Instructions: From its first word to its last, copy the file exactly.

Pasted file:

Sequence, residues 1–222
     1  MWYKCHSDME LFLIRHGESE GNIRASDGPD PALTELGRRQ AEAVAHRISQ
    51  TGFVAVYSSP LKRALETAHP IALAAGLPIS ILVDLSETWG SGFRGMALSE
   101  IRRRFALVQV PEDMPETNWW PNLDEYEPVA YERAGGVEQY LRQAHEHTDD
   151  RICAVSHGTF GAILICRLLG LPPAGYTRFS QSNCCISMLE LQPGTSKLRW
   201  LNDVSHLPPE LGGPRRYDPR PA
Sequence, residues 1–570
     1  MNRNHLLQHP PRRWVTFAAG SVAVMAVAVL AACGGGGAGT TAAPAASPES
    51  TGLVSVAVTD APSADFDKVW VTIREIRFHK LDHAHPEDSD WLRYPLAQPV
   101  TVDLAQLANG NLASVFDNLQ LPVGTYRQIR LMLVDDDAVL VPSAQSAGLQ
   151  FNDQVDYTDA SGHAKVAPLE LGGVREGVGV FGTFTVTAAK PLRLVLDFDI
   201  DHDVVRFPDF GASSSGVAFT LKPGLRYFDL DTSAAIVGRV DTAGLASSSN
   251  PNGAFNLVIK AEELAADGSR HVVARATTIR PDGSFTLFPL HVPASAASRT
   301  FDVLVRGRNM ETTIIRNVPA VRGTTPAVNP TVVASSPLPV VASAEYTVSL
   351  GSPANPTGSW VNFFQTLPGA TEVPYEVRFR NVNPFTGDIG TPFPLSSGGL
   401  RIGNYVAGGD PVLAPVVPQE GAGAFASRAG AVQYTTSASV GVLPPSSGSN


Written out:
Sequence, residues 1–222
     1  MWYKCHSDME LFLIRHGESE GNIRASDGPD PALTELGRRQ AEAVAHRISQ
    51  TGFVAVYSSP LKRALETAHP IALAAGLPIS ILVDLSETWG SGFRGMALSE
   101  IRRRFALVQV PEDMPETNWW PNLDEYEPVA YERAGGVEQY LRQAHEHTDD
   151  RICAVSHGTF GAILICRLLG LPPAGYTRFS QSNCCISMLE LQPGTSKLRW
   201  LNDVSHLPPE LGGPRRYDPR PA
Sequence, residues 1–570
     1  MNRNHLLQHP PRRWVTFAAG SVAVMAVAVL AACGGGGAGT TAAPAASPES
    51  TGLVSVAVTD APSADFDKVW VTIREIRFHK LDHAHPEDSD WLRYPLAQPV
   101  TVDLAQLANG NLASVFDNLQ LPVGTYRQIR LMLVDDDAVL VPSAQSAGLQ
   151  FNDQVDYTDA SGHAKVAPLE LGGVREGVGV FGTFTVTAAK PLRLVLDFDI
   201  DHDVVRFPDF GASSSGVAFT LKPGLRYFDL DTSAAIVGRV DTAGLASSSN
   251  PNGAFNLVIK AEELAADGSR HVVARATTIR PDGSFTLFPL HVPASAASRT
   301  FDVLVRGRNM ETTIIRNVPA VRGTTPAVNP TVVASSPLPV VASAEYTVSL
   351  GSPANPTGSW VNFFQTLPGA TEVPYEVRFR NVNPFTGDIG TPFPLSSGGL
   401  RIGNYVAGGD PVLAPVVPQE GAGAFASRAG AVQYTTSASV GVLPPSSGSN